His main recommendation to the cultural heritage sector: if you really want to go for participatory processes and give your audience a say, be prepared to fundamentally change your institutions.

Be the first to share
10 March 2017
How many users are enough in user research?
The British consumer cooperative Co-op uses both qualitative and quantitative approaches to make decisions about products. While quantitative research is best when you want to understand the scale of something (such as how many users …
2 March 2017
Understanding life’s speed from an anthropological perspective
The latest issue of the Cultural Anthropology journal features a new contribution to the journal’s Openings and Retrospectives section: an Openings collection, "Speed," edited by Vincent Duclos, Tomás Sánchez Criado, and Vinh-Kim Nguyen. In their …
2 March 2017
[Report] How US youth navigate the news landscape
Yesterday, the New York research institute Data & Society released the report How Youth Navigate the News Landscape (download) that explores how young people use mobile devices, messaging apps, and social media to consume breaking …
1 March 2017
[OECD Publication] Behavioural Insights and Public Policy
Behavioural Insights and Public Policy: Lessons from Around the World OECD, March 2017 408 pages “Behavioural insights”, or insights derived from the behavioural and social sciences, including decision making, psychology, cognitive science, neuroscience, organisational and group behaviour, are …
28 February 2017
How technology gets us hooked
From a young age, humans love to press buttons that light up and make a noise. The thrill of positive feedback lies at the heart of addiction to gambling, games, and social media, reports Adam …
26 January 2017
New toolkit to create digital government services
The UK's Government Digital Service has launched a service toolkit that aims to be a one stop shop for service design resources (reports PublicTechnology). The toolkit is a single page on GOV.UK that provides links to …
25 January 2017
[OECD Report] Use of Behavioural Insights in Consumer Policy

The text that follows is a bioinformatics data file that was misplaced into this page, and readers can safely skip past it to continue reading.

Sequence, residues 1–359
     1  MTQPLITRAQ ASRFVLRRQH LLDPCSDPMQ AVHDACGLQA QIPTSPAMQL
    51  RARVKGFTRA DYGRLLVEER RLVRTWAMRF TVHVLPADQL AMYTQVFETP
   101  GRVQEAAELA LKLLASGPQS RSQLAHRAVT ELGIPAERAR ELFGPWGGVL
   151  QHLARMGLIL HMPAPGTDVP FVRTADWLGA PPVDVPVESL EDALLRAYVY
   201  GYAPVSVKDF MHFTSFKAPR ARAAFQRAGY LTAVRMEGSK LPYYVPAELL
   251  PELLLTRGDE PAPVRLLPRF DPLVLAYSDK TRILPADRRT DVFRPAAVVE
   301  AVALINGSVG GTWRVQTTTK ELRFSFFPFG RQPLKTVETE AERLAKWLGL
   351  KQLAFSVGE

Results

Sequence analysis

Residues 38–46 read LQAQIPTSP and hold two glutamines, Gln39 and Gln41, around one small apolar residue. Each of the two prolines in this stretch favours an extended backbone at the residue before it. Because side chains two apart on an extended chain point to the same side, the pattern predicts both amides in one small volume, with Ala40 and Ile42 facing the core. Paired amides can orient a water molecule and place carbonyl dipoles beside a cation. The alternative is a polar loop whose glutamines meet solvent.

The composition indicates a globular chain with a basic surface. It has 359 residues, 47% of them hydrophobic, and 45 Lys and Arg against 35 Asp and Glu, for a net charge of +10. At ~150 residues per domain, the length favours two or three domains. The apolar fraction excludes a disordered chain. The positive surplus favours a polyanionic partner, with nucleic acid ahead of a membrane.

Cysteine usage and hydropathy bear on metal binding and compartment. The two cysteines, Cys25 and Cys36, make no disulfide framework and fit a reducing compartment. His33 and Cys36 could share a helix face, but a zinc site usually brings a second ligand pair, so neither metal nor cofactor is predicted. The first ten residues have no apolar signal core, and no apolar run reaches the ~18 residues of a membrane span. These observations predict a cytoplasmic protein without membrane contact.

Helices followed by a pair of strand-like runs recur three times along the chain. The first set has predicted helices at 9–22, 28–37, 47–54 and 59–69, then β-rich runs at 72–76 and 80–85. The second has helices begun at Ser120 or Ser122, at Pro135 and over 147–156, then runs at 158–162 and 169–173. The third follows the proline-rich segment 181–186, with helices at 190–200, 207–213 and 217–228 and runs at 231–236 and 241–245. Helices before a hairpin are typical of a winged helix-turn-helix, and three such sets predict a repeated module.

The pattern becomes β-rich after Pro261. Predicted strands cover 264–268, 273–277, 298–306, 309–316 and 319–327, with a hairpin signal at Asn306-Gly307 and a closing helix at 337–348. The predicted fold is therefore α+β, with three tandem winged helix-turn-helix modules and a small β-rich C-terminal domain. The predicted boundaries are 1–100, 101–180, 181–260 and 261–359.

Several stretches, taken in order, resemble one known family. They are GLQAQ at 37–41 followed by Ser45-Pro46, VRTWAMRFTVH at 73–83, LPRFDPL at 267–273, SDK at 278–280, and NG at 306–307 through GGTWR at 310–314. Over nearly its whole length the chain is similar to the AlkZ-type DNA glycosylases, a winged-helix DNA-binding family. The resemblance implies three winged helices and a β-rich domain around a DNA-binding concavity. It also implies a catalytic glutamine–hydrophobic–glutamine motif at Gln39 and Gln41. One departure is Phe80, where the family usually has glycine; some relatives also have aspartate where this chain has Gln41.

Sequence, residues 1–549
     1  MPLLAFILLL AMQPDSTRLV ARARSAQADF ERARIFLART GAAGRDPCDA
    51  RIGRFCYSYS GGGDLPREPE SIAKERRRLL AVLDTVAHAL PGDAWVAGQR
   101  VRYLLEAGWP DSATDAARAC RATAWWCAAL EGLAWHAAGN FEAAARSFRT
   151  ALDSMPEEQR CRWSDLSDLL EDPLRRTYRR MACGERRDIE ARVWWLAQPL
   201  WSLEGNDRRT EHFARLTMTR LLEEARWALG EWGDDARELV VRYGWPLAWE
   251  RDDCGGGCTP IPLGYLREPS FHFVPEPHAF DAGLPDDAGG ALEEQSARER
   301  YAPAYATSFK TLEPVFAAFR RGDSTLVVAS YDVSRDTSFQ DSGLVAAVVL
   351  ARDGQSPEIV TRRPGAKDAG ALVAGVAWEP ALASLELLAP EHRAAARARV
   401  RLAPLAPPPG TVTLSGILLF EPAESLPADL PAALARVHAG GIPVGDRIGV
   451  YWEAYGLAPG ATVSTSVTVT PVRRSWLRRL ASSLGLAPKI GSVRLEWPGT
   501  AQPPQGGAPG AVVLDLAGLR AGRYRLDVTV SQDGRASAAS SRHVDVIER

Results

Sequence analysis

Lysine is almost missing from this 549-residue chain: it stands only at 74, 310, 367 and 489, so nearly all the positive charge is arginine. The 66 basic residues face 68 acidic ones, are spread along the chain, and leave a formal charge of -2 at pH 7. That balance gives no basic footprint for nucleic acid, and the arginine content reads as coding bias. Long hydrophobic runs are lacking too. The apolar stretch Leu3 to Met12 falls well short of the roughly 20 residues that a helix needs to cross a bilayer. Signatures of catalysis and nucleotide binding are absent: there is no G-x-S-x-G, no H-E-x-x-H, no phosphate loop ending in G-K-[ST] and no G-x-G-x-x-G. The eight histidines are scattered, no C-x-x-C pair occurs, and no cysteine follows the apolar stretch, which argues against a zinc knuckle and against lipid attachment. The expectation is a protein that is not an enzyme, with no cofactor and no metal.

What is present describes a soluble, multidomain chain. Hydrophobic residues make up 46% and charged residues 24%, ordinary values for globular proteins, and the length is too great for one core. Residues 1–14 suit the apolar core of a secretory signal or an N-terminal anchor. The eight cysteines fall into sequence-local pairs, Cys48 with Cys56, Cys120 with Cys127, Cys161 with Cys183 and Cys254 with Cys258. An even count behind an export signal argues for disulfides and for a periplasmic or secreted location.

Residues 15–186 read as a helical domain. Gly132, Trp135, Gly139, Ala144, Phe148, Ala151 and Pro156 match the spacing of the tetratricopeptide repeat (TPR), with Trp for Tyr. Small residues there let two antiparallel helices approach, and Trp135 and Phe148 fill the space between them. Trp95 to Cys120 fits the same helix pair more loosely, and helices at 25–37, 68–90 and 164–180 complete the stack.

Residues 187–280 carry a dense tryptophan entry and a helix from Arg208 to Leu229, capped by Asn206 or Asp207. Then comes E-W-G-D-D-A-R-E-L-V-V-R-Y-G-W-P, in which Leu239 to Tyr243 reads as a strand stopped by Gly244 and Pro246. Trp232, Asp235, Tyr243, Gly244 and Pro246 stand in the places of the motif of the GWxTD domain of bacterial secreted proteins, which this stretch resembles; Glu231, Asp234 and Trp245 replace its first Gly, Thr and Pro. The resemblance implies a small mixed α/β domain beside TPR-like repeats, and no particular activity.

Use of Behavioural Insights in Consumer Policy OECD 20 Jan 2017 48 pages Over the past decade, behavioural insights have helped make consumer policies more evidence-based and effective. This report examines how behavioural insights have been used by …
19 January 2017
Anthropologist Sally Applin on the automation of qualitative methods
Anthropology and its methodologies cannot easily be automated. However, both design and engineering based organizations are attempting it. Anthropologist Sally A. Applin argues that this is based in part on historic legacy systems, a misunderstanding …

We are an international experience design consultancy helping companies and organisations to innovate their products, services and processes by putting people and their experiences first.

12 January 2017
Experientia’s CITYOPT project awarded prestigious French award for its sustainable development design

Following the 2016 Smart Innovation Award at “FIMBACTE Trophées du Cadre de vie”, the CITYOPT project has once again been recognized, this time in the prestigious French design competition: “Observeur du Design 2017”, in the Service Design category. In June 2016, CITYOPT won the first stage of the Observeur du Design. Now the project has […]

1 December 2016
More on upcoming conference on design & sustainable innovation for smart cities

Last month Putting People First announced the upcoming conference on design & sustainable innovation for smart cities in Nice France. Meanwhile we are pleased to announce the full event agenda (see below). This event will feature professionals from leading research institutes and industry gathering to present key initiatives which combine Energy Efficiency and Service Design […]

29 October 2016
Upcoming conference on design & sustainable innovation for smart cities

Invitation to the International Conference on Design & Sustainable Innovation for SmartCities Nice (France) 8 December 2016 On the 8th December 2016, the CITYOPT project will host an international conference on Design and sustainable innovation for SmartCities, at the Centre Universitaire Méditerranéen, France. An open invitation to attend is offered to people and organisations who […]

28 October 2016
Experientia’s President, Michele Visciòla, panel judge for MacArthur Foundation’s “100&Change” competition

The 100&Change is an international competition and a landmark opportunity for thinkers and designers to tackle critical challenges affecting the world. Michele Visciòla will be one of the panel of expert judges who will select which project is worthy of the $100 million grant. 100&Change is the MacArthur Foundation competition – launched this year for […]

5 September 2016
Great engine, but the fuel seems poor. Discussing insight development in corporate marketing

The September issue of the Harvard Business Review (HBR) contains a lengthy essay, entitled Building an Insights Engine, on how Unilever has created the organizational capabilities to “transform data into insights about consumers’ motivations and to turn those insights into strategy.” The article was written by Frank van den Driest and Keith Weed of a […]

29 August 2016
Experientia discussing ethnography and patient-centricity at EPIC 2016

This week Experientia joins our colleagues and peers in Minneapolis at EPIC 2016, the premier international gathering on ethnography and design in industry. The theme for the conference this year is Pathmaking, emphasizing the power of ethnography to create transformative innovation, growth and strategic success for companies, industries and communities. On the second day of […]

See all articles